Accurate staging of CKD is essential for determining a patient’s prognosis, follow-up recommendations, and referral guidelines.2 CKD is staged on the basis of eGFR and albuminuria levels.2 The 3 A stages are based on albuminuria level, which is determined by either albumin excretion rate or albumin-to-creatinine ratio. The 6 G stages (G1-G5) categorize patients based on eGFR. Stage G3 was split into G3a and G3b after meta-analyses revealed a significant difference in prognosis between the 45 to 59 mL/minute/1.73 m3 (G3a) and 30 to 44 mL/minute/1.73 m3 (G3b) eGFR ranges.3 An eGFR <60 mL/minute/1.73m3 is considered decreased, which corresponds to G stages G3a to G5. Patients in stages G1 to G2 have conserved eGFR, but can still meet requirements for CKD if other manifestations such as proteinuria or structural abnormalities are present.2

In addition to staging CKD, clinicians must identify possible metabolic and electrolyte imbalances by ordering a complete blood count and a complete metabolic panel. Anemia may be present as a result of impaired erythropoietin production in the kidneys. Hyperphosphatemia and hyperkalemia can result from impaired excretion. Hypocalcemia may be present because of the damaged kidneys’ inability to activate vitamin D. An arterial blood gas may also be indicated if signs of metabolic acidosis are present.5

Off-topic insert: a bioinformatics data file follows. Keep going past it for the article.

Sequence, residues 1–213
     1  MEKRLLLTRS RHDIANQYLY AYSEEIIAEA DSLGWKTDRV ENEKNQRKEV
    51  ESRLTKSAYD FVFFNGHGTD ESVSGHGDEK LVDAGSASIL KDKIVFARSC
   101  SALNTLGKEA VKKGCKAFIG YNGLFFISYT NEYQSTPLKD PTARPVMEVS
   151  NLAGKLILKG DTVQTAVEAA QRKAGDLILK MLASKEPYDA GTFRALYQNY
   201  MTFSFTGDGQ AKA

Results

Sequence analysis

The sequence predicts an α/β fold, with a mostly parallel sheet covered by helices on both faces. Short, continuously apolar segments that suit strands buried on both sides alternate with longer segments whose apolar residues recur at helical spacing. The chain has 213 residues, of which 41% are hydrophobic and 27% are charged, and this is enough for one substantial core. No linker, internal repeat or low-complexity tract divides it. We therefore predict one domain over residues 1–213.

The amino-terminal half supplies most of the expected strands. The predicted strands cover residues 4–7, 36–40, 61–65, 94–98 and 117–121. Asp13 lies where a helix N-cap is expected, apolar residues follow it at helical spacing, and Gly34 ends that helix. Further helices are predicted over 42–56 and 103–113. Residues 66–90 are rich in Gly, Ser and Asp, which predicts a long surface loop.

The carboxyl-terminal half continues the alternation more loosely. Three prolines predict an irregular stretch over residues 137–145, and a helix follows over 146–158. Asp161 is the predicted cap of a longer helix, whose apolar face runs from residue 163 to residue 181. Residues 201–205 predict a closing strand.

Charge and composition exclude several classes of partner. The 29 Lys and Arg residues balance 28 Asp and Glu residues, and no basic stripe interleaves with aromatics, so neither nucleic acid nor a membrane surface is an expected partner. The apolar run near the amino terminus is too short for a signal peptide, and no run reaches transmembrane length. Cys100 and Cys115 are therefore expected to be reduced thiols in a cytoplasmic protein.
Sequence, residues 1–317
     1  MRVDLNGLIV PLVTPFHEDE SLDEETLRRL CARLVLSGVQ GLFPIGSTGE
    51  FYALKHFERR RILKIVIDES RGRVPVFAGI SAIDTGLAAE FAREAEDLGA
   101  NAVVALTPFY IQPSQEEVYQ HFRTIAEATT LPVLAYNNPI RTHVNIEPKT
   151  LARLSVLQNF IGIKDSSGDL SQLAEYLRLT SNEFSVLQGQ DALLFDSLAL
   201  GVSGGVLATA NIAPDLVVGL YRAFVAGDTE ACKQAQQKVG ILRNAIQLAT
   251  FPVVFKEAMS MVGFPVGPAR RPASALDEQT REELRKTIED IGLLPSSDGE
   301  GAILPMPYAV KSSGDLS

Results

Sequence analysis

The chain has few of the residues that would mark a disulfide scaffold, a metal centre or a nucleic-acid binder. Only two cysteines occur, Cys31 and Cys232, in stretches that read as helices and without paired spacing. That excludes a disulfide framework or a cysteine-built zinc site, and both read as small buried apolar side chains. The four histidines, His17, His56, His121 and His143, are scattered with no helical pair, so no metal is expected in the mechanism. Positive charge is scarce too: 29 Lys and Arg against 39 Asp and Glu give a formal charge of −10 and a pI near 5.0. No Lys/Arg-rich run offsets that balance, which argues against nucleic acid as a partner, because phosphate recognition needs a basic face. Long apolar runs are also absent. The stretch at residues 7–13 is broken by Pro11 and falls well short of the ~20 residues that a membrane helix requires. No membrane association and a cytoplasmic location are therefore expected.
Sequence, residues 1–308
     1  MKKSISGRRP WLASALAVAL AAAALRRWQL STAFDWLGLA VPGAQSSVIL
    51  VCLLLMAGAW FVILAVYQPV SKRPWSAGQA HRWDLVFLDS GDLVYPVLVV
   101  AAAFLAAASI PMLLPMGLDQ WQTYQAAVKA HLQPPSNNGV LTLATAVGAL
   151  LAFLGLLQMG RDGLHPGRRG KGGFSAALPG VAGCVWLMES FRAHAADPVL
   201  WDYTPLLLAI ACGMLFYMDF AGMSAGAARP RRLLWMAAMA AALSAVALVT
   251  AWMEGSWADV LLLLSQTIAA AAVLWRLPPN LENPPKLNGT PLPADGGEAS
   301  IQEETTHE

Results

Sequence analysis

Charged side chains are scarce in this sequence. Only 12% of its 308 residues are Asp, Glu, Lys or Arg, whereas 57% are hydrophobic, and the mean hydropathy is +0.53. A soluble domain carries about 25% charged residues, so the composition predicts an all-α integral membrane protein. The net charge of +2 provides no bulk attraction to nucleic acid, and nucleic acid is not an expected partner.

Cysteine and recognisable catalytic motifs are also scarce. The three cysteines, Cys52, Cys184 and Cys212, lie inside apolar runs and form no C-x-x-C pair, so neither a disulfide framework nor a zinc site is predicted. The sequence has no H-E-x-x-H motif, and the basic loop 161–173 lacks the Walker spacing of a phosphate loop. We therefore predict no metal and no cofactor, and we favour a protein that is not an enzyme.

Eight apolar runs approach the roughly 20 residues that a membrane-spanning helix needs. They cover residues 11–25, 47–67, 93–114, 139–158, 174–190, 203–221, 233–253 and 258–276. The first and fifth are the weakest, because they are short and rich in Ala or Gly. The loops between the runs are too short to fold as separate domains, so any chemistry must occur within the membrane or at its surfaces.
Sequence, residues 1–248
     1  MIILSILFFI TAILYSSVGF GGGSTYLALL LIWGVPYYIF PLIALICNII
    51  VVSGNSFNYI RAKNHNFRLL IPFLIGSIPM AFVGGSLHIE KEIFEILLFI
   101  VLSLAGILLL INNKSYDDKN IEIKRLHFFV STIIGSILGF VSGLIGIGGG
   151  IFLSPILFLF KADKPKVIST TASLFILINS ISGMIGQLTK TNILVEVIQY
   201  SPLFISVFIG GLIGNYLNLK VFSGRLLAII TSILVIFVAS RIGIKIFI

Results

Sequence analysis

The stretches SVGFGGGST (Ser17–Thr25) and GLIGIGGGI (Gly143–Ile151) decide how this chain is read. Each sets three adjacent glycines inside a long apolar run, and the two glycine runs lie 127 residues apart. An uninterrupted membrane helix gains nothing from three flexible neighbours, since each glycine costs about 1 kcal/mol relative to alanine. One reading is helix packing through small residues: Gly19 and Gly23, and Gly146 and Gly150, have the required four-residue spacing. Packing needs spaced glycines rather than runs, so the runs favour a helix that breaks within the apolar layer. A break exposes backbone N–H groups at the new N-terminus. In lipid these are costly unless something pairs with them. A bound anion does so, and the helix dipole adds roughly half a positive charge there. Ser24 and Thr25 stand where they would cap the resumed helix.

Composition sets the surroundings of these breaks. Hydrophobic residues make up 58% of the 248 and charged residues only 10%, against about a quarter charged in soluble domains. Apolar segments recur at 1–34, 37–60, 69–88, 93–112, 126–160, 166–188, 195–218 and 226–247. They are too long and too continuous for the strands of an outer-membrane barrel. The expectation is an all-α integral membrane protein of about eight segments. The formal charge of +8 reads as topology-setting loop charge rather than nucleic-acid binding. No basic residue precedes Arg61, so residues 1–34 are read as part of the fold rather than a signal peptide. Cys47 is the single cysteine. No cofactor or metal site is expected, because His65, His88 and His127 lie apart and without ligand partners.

The diagnostic process is not complete until the cause of CKD has been identified. To determine the etiology of a CKD case, a urinalysis, urine sediment examination, and imaging should be performed. Possible urine sediment findings include the characteristic broad, waxy casts of dilated nephrons; red blood cell casts suggestive of proliferative glomerulonephritis; white blood cell casts of pyelonephritis and interstitial nephritis; or oval fat bodies of nephrotic syndrome.13

On ultrasonography, damaged kidneys may appear small (9-10 cm) and echogenic, but normal-sized or large kidneys may be found in certain etiologies such as polycystic kidney disease and diabetic nephropathy.5 Other useful imaging studies include computed tomography and magnetic resonance imaging with and without contrast, isotope scans, and angiography.13 A renal biopsy can also distinguish the etiology and severity of CKD, but this procedure is not standard and should only be performed in cases in which the diagnostic value of the procedure outweighs the risks.14

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How Do I Manage a Patient With CKD?